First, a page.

Format

Send to

Choose Destination
J Basic Microbiol. 2012 Jun;52(3):350-9. doi: 10.1002/jobm.201100185. Epub 2011 Sep 23.

Interactions between bicarbonate, potassium, and magnesium, and sulfur-dependent induction of luminescence in Vibrio fischeri.

Author information

1
Faculty of Environment Engineering, The University of Kitakyushu 1-1 Hibikino, Wakamatsu-ku, Kitakyushu, Fukuoka, Japan.

Abstract

In spite of its central importance in research efforts, the relationship between seawater compounds and bacterial luminescence has not previously been investigated in detail. Thus, in this study, we investigated the effect of cations (Na(+) , K(+) , NH(4) (+) , Mg(2+) , and Ca(2+) ) and anions (Cl(-) , HCO(3) (-) , CO(3) (2-) , and NO(3) (-) ) on the induction of both inorganic (sulfate, sulfite, and thiosulfate) and organic (L-cysteine and L-cystine) sulfur-dependent luminescence in Vibrio fischeri. We found that HCO(3) (-) (bicarbonate) and CO(3) (2-) (carbonate), in the form of various compounds, had a stimulatory effect on sulfur-dependent luminescence. The luminescence induced by bicarbonate was further promoted by the addition of magnesium. Potassium also increased sulfur-dependent luminescence when sulfate or thiosulfate was supplied as the sole sulfur source, but not when sulfite, L-cysteine, or L-cystine was supplied. The positive effect of potassium was accelerated by the addition of magnesium and/or calcium. Furthermore, the additional supply of magnesium improved the induction of sulfite- or L-cysteine-dependent luminescence, but not the l-cystine-dependent type. These results suggest that sulfur-dependent luminescence of V. fischeri under nutrient-starved conditions is mainly controlled by bicarbonate, carbonate, and potassium. In addition, our results indicate that an additional supply of magnesium is effective for increasing V. fischeri luminescence.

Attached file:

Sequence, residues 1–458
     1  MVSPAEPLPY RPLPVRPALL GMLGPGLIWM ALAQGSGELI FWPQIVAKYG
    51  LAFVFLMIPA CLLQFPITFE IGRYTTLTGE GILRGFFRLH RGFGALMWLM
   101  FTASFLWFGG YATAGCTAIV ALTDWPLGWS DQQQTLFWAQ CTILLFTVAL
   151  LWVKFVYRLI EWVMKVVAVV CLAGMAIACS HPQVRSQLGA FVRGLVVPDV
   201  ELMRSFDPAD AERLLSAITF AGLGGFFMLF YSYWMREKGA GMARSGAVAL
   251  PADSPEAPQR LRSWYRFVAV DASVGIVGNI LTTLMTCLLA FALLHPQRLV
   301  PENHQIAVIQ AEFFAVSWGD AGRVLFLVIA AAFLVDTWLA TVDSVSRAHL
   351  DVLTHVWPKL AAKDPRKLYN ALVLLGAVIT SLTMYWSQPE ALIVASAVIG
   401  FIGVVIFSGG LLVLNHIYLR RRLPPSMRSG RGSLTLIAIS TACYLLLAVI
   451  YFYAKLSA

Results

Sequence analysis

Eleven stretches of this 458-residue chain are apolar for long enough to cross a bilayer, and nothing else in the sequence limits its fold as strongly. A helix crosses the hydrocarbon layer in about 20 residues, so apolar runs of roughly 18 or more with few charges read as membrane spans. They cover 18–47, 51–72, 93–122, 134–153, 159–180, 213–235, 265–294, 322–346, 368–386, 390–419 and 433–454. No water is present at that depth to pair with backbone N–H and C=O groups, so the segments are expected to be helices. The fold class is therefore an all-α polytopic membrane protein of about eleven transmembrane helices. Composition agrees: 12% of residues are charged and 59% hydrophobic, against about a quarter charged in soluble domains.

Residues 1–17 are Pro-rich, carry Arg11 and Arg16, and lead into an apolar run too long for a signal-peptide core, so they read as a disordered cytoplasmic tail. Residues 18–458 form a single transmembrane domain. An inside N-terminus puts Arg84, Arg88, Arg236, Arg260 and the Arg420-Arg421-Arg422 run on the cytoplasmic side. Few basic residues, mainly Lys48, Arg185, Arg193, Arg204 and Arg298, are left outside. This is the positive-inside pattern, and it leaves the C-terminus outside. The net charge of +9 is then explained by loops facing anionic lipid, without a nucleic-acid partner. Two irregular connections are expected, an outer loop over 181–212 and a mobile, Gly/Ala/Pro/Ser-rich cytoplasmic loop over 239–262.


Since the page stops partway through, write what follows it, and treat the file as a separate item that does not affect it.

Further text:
PMID:
21953119
DOI:
10.1002/jobm.201100185
[Indexed for MEDLINE]

Supplemental Content

Full text links

Icon for Wiley
Loading ...
Support Center